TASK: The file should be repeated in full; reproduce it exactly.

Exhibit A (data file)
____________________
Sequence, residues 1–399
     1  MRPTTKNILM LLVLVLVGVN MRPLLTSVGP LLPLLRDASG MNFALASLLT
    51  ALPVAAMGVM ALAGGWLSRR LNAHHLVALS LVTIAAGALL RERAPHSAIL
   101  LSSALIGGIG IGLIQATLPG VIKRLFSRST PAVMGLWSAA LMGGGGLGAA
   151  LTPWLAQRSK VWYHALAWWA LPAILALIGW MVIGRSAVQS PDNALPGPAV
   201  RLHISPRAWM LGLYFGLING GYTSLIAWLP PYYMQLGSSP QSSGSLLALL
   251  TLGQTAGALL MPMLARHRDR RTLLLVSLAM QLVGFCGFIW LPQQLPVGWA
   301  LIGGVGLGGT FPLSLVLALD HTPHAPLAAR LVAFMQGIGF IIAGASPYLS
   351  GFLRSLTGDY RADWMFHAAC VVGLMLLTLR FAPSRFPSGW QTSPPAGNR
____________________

Sequence, residues 1–399
     1  MRPTTKNILM LLVLVLVGVN MRPLLTSVGP LLPLLRDASG MNFALASLLT
    51  ALPVAAMGVM ALAGGWLSRR LNAHHLVALS LVTIAAGALL RERAPHSAIL
   101  LSSALIGGIG IGLIQATLPG VIKRLFSRST PAVMGLWSAA LMGGGGLGAA
   151  LTPWLAQRSK VWYHALAWWA LPAILALIGW MVIGRSAVQS PDNALPGPAV
   201  RLHISPRAWM LGLYFGLING GYTSLIAWLP PYYMQLGSSP QSSGSLLALL
   251  TLGQTAGALL MPMLARHRDR RTLLLVSLAM QLVGFCGFIW LPQQLPVGWA
   301  LIGGVGLGGT FPLSLVLALD HTPHAPLAAR LVAFMQGIGF IIAGASPYLS
   351  GFLRSLTGDY RADWMFHAAC VVGLMLLTLR FAPSRFPSGW QTSPPAGNR